In a randomized, placebo-controlled trial conducted in Thailand, it has been found that early use of norepinephrine within 6 hours of diagnosis in patients with Sepsis/ septic shock was associated with better shock control. The study has appeared in American Journal of Respiratory and Critical Care Medicine.
Permpikul C, et al conducted the trial in patients treated with early norepinephrine in single-centre, in 310-patients which also showed about half the rate of cardiogenic pulmonary oedema. But a trend toward improved 28-day survival did not achieve statistical significance.
After enrollment, 310 patients were randomized 1:1 to receive either early norepinephrine or placebo along with fluid resuscitation at the initiation of hypotension resuscitation. The primary outcome was shock control rate, defined as achievement of mean arterial blood pressure ≥65 mm Hg, with urine flow ≥0.5 mL/kg/h for 2 consecutive hours, or decreased serum lactate ≥10% from baseline by 6 hours after diagnosis.
The main findings were:
- Shock control rate by 6 hours was significantly higher in early norepinephrine group.
- Twenty-Twenty-eight-day mortality was not different between groups: 15.5% in the early norepinephrine group versus 21.9% in the standard treatment group.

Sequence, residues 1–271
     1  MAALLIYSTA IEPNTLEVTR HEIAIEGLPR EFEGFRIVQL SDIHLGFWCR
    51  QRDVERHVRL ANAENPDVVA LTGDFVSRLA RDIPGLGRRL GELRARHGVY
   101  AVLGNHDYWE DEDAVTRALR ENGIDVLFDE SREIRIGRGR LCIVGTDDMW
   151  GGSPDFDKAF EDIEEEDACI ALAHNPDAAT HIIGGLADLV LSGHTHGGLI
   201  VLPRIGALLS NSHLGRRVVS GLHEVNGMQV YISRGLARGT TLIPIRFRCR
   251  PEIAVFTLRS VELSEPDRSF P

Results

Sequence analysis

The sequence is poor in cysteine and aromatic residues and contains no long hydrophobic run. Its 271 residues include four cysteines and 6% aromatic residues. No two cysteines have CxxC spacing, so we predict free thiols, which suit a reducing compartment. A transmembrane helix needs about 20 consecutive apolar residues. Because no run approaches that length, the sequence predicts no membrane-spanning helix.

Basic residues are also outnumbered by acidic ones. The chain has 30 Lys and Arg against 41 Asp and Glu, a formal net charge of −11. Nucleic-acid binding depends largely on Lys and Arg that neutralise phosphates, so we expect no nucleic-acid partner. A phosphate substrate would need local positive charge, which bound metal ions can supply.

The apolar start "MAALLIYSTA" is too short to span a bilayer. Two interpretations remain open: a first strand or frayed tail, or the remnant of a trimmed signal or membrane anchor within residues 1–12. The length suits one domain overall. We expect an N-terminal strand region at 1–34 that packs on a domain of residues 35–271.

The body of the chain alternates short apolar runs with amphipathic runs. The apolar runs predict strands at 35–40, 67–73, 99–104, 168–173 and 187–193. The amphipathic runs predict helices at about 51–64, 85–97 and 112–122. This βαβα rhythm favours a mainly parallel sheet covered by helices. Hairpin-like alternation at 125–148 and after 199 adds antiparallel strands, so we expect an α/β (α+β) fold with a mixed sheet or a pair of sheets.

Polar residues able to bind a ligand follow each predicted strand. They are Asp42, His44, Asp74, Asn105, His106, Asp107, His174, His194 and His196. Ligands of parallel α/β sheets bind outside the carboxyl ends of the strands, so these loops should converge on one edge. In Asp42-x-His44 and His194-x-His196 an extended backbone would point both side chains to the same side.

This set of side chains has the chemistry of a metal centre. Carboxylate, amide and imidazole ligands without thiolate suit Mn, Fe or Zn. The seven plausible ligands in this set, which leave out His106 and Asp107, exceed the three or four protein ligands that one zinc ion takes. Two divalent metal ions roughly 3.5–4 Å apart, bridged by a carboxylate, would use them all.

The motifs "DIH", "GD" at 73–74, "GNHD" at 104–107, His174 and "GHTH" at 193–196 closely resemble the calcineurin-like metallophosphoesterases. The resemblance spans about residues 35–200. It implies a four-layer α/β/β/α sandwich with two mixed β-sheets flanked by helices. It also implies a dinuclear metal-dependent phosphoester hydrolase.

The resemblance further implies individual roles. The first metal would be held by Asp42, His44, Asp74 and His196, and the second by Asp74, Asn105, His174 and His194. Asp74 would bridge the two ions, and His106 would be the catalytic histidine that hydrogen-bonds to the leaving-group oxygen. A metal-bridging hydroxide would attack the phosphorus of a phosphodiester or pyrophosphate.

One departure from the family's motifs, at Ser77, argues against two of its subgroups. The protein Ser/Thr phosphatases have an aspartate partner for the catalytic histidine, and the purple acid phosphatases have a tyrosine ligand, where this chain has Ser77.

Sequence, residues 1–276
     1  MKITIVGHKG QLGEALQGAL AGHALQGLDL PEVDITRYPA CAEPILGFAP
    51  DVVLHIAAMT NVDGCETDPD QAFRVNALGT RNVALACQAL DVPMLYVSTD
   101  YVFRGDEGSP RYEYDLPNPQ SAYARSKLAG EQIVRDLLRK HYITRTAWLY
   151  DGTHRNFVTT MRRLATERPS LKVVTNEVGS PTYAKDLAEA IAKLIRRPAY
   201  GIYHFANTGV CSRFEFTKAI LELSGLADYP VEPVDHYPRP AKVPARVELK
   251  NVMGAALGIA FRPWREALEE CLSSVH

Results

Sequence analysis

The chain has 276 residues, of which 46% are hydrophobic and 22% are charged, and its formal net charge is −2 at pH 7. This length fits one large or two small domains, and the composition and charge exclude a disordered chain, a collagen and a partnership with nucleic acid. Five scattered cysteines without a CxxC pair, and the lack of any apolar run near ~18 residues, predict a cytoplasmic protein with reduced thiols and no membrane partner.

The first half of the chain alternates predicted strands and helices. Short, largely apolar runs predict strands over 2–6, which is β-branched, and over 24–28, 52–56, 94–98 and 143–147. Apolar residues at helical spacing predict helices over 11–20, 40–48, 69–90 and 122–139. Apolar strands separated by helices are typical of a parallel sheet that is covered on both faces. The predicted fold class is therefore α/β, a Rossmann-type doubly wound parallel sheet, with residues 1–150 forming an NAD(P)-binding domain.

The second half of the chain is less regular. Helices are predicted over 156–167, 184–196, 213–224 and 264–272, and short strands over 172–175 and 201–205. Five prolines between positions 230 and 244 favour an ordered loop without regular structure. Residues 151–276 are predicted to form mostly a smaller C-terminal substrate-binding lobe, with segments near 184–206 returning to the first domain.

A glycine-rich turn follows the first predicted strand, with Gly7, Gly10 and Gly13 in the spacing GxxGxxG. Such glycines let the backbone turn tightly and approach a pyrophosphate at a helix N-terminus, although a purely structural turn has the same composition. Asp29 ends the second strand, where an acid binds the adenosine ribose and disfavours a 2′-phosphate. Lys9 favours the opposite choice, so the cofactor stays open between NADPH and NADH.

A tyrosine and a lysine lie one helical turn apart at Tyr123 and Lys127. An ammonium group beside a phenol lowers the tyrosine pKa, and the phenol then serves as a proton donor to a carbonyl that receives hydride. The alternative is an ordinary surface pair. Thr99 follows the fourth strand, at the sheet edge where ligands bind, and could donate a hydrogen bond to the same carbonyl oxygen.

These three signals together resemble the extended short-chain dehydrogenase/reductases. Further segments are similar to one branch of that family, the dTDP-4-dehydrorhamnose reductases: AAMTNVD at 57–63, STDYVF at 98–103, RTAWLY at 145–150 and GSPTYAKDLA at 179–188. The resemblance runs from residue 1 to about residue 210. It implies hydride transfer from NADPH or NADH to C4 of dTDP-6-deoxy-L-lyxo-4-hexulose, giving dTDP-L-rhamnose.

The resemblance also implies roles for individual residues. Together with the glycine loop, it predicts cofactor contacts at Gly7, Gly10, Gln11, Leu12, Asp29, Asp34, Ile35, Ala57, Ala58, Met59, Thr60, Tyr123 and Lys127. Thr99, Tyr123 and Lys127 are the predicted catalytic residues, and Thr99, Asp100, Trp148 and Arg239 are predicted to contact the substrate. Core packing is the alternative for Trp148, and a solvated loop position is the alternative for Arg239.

- The early norepinephrine group was associated with lower incidences of cardiogenic pulmonary edema (14.4% vs 27.7%) and new-onset arrhythmia (11% vs 20%).
Dr Permpikul, MD, of Mahidol University, Bangkok, Thailand, and colleagues, noted that additional studies will be needed to confirm the findings before early norepinephrine is introduced into clinical resuscitation practice.
“Future studies should investigate the effect of early norepinephrine on organ dysfunction and mortality,” they wrote.
“The results of our study, which is the first randomized controlled trial to investigate the effect of early norepinephrine, revealed a shorter shock interval in the early norepinephrine group than in the standard treatment group,” the researchers wrote.
They addressed the concern that early norepinephrine use could lead to vasoconstriction of abdominal organs leading to splanchnic hypoperfusion.
Study limitations cited by the researchers include the fact it was conducted at a single hospital, not all patients were treated in the hospital’s ICU, and resuscitation fluid rates were not standardized, resulting in variations that may have biased results.
“Physicians who decide to apply the results of this study to their routine clinical practice should carefully evaluate the context of this study and compare it with their own situation and setting,” they concluded.
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